Edward Norton in Fight Club

The uncanny valley troubles us because it’s a parody of ourselves: we’re forced to see the human face as it might appear to another species, which makes us wonder if our own standards of beauty might be equally alienating if our perspectives were shifted a degree to one side. That’s true of movies, too; a film that hits all the right marks but leaves us cold forces us to question why, exactly, we like what we do. For me, the classic example has always been Fight Club. Like Birdman, it’s a movie of enormous technical facility—ingenious, great to look at, and stuffed with fine performances. To its credit, it has more real ideas in any ten minutes, however misguided, than Birdman has in its entirety. Yet I’ve always disliked it, precisely because it devotes so much craft to a story with a void at its center. It’s the ultimate instance of cleverness as an end in itself, estranging us from its characters, its material, and its muddled message with a thousand acts of meaningless virtuosity. And I push back against it with particular force because it’s exactly the kind of movie that someone like me, who wasn’t me, might call a masterpiece. (It may not be an accident that both Birdman and Fight Club benefit from the presence of Edward Norton, who, like Kevin Spacey, starts as a blank but fills out each role with countless fiendishly clever decisions. If you’re going to make a movie like this at all, he’s the actor you want in your corner.)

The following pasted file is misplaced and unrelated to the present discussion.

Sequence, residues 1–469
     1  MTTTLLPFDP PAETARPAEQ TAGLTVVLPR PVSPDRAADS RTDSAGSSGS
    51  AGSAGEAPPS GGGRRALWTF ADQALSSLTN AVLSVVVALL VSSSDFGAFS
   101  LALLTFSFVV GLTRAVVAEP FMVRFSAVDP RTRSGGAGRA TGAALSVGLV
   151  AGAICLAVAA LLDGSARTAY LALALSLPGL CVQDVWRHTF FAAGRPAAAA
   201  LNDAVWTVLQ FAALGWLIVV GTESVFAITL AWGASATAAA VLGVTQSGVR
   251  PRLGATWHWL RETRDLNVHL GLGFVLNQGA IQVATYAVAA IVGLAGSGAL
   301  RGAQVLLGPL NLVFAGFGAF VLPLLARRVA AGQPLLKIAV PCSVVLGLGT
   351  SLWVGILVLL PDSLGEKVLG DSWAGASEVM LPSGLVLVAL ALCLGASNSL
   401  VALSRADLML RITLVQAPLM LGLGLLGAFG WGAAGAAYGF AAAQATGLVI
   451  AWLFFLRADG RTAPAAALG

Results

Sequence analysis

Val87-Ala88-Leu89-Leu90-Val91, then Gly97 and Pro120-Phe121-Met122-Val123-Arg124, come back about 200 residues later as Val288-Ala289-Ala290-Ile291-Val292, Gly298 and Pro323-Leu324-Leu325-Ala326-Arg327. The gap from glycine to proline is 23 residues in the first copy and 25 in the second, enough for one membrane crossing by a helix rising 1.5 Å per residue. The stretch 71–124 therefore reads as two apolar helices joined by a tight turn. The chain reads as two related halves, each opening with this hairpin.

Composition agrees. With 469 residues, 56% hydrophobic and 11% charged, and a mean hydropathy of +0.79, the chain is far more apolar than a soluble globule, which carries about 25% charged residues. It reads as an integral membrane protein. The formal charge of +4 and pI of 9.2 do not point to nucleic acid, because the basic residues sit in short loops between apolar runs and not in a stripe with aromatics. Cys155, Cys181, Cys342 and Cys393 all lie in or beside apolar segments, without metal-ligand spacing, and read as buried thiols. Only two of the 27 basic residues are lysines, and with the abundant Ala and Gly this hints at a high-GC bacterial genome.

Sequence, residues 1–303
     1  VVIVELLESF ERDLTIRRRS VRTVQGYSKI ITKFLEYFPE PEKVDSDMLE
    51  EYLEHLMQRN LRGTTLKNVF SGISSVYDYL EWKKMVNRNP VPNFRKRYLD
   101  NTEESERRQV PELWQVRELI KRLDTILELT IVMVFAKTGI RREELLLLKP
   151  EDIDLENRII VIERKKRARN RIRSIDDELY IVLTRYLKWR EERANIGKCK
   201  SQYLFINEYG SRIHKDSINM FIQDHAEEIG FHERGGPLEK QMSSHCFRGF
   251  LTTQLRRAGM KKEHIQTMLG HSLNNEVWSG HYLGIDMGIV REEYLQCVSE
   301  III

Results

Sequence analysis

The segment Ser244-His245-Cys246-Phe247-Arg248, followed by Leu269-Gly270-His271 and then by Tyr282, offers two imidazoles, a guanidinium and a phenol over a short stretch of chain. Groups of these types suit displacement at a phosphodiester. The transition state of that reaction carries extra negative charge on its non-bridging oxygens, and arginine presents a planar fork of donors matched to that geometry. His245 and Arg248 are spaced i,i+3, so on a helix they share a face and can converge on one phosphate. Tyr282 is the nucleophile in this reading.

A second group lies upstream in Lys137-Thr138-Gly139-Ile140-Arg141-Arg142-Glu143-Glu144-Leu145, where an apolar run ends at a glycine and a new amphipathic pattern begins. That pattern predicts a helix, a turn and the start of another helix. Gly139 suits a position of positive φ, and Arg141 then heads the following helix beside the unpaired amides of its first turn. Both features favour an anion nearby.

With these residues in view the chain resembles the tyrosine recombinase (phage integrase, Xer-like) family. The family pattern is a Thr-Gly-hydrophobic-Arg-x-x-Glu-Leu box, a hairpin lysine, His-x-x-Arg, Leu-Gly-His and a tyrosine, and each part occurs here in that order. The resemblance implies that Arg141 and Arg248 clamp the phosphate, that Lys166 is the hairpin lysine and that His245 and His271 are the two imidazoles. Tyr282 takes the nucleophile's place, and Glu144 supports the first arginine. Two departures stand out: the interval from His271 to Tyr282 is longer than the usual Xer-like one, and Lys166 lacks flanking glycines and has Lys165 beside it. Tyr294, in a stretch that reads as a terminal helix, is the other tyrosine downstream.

As a result, the Oscars turned into a contest, real or perceived, between Boyhood, which reflected the most moving and meaningful memories of my own life despite having little in common with it, and Birdman, which confronted me with a doppelgänger of my feelings as a moviegoer. It’s no wonder I reacted so strongly. Yet perhaps it isn’t all bad. Birdman at least represents the return of Michael Keaton, an actor we didn’t know how much we’d missed until he came roaring back into our lives. And if David Fincher could rebound from Fight Club to become one of the two or three best directors of his generation, the same might be true of Iñárritu—although it isn’t encouraging that he’s been so richly rewarded for indulging in all his worst tendencies. Still, as Iñárritu himself said in his acceptance speech, time is the real judge. The inevitable backlash to Birdman, which is already growing, should have the effect of gently restoring it to its proper place, while Boyhood’s stature will only increase. As I’ve discussed at length elsewhere, Birdman is an audacious experiment that never needs to be repeated, while we need so many more movies like Boyhood, not so much because of its production schedule as because of its genuine curiosity, warmth, and generosity towards real human beings. As Mark Harris puts it, so rightly, on Grantland: “Birdman, after all, is a movie about someone who hopes to create something as good as Boyhood.”